Damn.
Rocco Dormarunno, Author of The Five Points
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38 of 39 people found the following review helpful By Doug Vaughn HALL OF FAME on January 18, 2000
Format: Hardcover
Raymond Carver is unique among contemporary American men of letters in that he is known almost exclusively for his short stories. Though he published other books, most notably collections of his poetry, his real genius was in the abbriviated summation of ordinary human experience in the short prose form.
This volume is a great introduction to Carver's stories because it represents a selection of his best work from every phase of his career. It is clear from the first story that his special gift is in somehow making a slice of life universal. His stories have hardly any plot and character is revealed rather than described. The essense of his character's lives are distilled into a few scenes wherein the reader can grasp a universe of unspoken meanings. The simplest things in Carver's hands take on a depth of meaning and a resonance that tends to haunt one long after the story is read. There is no overt artifice employed; the stories are deceptively simple. Yet all of these stories, like good poems, pack lots of meaning into a compressed form. His stories are not so much 'about' love, grief, deception, failure, longing and hatred as they are captured moments that embody these elements of the human condition and allow us to really feel what the characters feel. The very lack of exposition and detailed context is part of what makes these moments so powerful. Like a Rorschach ink blot, the short scenes depicted can call forth from each reader a variety of different interpretations and meanings. That is perhaps what is really great about these stories. Every reader can agree on the overt content, but no two are likely to agree about what they really mean, despite almost everyone having a strong emotional response to them. This is unique and superior writing that no lover of literature should miss.
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23 of 24 people found the following review helpful By M. JEFFREY MCMAHON TOP 500 REVIEWERVINE VOICE on January 17, 2002
Format: Paperback
Raymond Carver has been compared, rightly, to Chekhov because of his ability to absorb the reader in a "small" story and say something profound about the human condition. Absent in Carver's stories are stereotypical characters. For example, in "What We Talk About When We Talk About Love," we read a story about a heart surgeon, Mel McGuiness, who is obsessed with preaching the virutes of absolute love to his wife and two friends, another couple. As we read the story, we see evidence that Mel is the embodiment of the absence of love. He is imperious, bullying, dogmatic, control-obsessed, fearful of life. Yet Carver doesn't allow us to dismiss Mel so easily. As Mel pontificates on love and gets more and more drunk, we are afforded glimpses of Mel's profound wisdom, which shows that there are two Mels, a tyrant and a vulnerable searcher of truth, that are warring against each other. Mel, the searcher of truth, knows there is a more profound, permanent love than merely carnal or erotic passion. At one point in the story, he confesses, in a moment of drunkenness, that he is completely ignorant of life. We sympathize with Mel's passion for "ultimate love," yet we are at the same time appalled at Mel's bullying and vanity.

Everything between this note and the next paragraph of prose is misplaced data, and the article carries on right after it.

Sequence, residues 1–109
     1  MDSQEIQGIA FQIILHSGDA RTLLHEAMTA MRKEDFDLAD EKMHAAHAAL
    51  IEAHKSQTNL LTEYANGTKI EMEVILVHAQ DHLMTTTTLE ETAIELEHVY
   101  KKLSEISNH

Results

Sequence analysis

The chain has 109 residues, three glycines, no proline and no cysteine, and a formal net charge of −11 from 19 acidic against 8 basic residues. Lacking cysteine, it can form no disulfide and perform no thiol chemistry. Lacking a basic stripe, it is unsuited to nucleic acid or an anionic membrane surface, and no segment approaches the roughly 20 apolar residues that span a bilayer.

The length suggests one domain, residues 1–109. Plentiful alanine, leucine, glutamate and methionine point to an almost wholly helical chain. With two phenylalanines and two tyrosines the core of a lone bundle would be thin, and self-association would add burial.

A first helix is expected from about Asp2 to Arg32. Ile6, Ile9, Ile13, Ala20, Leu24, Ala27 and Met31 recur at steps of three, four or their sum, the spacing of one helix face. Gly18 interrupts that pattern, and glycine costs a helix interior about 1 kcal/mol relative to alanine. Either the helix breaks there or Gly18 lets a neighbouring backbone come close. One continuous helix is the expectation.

Mel's character is indicative of the kind of complexities and contradictions that Carver dramatizes in his very readable stories.
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15 of 15 people found the following review helpful By j. on September 14, 2004
Format: Paperback
"Where I'm Calling From" is basically Raymond Carver's "Greatest Hits" book, with a touch of never-released material also. All his famous stories are in here, and the book will satisfy hardcore Carver fans, general short story enthusiasts, and anyone looking for accessable fiction. Carver writes in a very original style, using a candor and frankness that "tells it like it is." His stories are primarily case studies of blue collar Americans, whether they be dealing with love, loss, or the boredom of manual labor jobs. Carver himself was a rough-and-tough individual, preferring life in the Northwestern wilderness to the highbrow publishing epicenters of New York or Chicago.

Raymond Carver basically brought life back to the short story genre in the 1980s. It had slowly fallen out of popularity as Ernest Hemingway and John Cheever's careers faded. This book shows why the American public as well as scholars fell in love with Carver's literary voice. He had a true gift and understanding of the craft, and those who knew him said he was the best "people watcher" they had ever met. Raymond Carver remains one of the standards, idolized by thousands of aspiring writers and immitated (unfortunately) more often than not.